This almost-indigenous South African cuisine is also known as “walkie talkies” or “runaways.” Chef Thembeka Sibanyoni says she grew up knowing this classic township favourite as a cheaper meat option. Nowadays some buy it as a snack.
“A week would never go by without eating them. I remember on Sundays at my grandma’s we used to eat slaughtered chicken and the chicken feet were always mine.” She adds: “I still enjoy them though, the bones are also yummy and juicy.”
When Sibanyoni was recently featured in Food For Mzansi’s Mzansi Flavour she shared a chicken recipe, but using the wings, not the feet. Try her recipe for Spicy Tika Wings.
Food For Mzansi’s resident nutritionist, Andrea Du Plessis, says chicken feet are highly nutritious.
“They carry lots of flavour, and chicken feet are particularly rich in collagen and chondroitin sulphate. Those are important nutrients for healthy joints and healthy skin. Individuals who suffer from joint injuries and arthritis will definitely benefit from eating chicken feet, due to the effects of both the chondroitin sulphate and collagen.”
Although chicken feet are commonly served with vegetables or soft pap, gravy, and some atchar, they are also a great addition to broth. It makes a beautiful savoury liquid that is a great base for soups and sauces.
On the more trendy side, a kota (quarter loaf of bread hollowed out and filled back in, similar to a bunny chow) filled with chicken feet or the chicken feet salad are newer editions to the South African cuisine.
Chicken feet dishes are a delicious and nutritious way of not wasting any parts the chicken, and we in Mzansi are not the only ones who have discovered this clever pleasure. There are delicious versions the world over. Here are some of our favourites:
Jamaica’s Lady Fingers
I say kudos to Jamaica for giving chicken the most accurate description, lady fingers. Jerk chicken may be this Caribbean country’s most famous chicken dish, but it is their version of foot soup that have us interested.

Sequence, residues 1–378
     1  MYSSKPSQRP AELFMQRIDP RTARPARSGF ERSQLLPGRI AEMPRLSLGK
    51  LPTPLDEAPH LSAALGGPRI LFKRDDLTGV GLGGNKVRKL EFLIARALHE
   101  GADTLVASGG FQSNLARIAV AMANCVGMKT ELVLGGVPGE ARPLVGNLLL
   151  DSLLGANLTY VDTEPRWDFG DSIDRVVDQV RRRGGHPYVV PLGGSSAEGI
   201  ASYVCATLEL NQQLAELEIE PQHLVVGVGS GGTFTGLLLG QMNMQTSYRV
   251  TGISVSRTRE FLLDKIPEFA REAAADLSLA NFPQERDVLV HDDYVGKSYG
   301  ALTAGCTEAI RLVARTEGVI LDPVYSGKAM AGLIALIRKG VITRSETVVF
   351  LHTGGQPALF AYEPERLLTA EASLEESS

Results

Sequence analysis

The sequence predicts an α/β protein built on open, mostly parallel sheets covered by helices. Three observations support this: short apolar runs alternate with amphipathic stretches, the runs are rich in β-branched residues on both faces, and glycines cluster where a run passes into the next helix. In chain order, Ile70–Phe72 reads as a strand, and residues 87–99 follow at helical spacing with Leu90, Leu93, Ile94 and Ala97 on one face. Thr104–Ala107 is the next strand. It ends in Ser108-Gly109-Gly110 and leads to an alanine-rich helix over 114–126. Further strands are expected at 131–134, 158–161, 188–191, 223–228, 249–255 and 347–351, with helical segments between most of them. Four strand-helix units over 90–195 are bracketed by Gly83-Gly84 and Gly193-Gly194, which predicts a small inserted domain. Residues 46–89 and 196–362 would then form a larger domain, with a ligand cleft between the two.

The soup is slowly cooked over pimento wood and features pumpkins, carrots, yam, green or yellow banana and spices. The dish is cooked for a minimum of two hours. The Jamaicans also enjoy curried chicken feet.
Caribbean resident, Kaoma Fernandez, says there’s no particular way in which chicken feet is cooked and presented, but many locals enjoy it. “Each country in the Caribbean prepare chicken feet differently,” he says.
Phoenix Claws from China
Chicken feet is enjoyed by the Chinese, but they call it “phoenix feet”. According to Food For Mzansi contributor Lindsay Jephtas, who is based in China, phoenix feet or claws represent luck and good fortune for the locals. He says that Chinese people believe that eating a lot of chicken feet can bring one a huge fortune, since the diner will have more than two hands with which to grab money.
“Chinese people also don’t believe in wasting any part of the animal and therefore eat the feet of the chicken too,” Jephta says.
Typically deep fried and steamed to make them puffy before being stewed, people in China have their own taste and preference about the way they want to enjoy chicken feet.
He says some prefer it to be steamed, whilst others would rather have it as a street snack or nibble on it while watching television.
Chicken feet tend to be quite expensive in a fancy restaurant, but it is packed and sold in most groceries and supermarkets in China to prepare at home. This delicacy is also cooked with raw peanuts to make a tasty thin soup.
Indonesia’s Baby Food
In Indonesia chicken feet, described as the “the claw” by locals, is served in a soup dish called Soto. Soft peeled boneless chicken feet are also fed to babies between 6 and 12 months old.
Another popular way to serve this delicacy in Indonesia is by deep frying it and serving it as a crispy snack, Kripik Ceker (chicken feet crackers).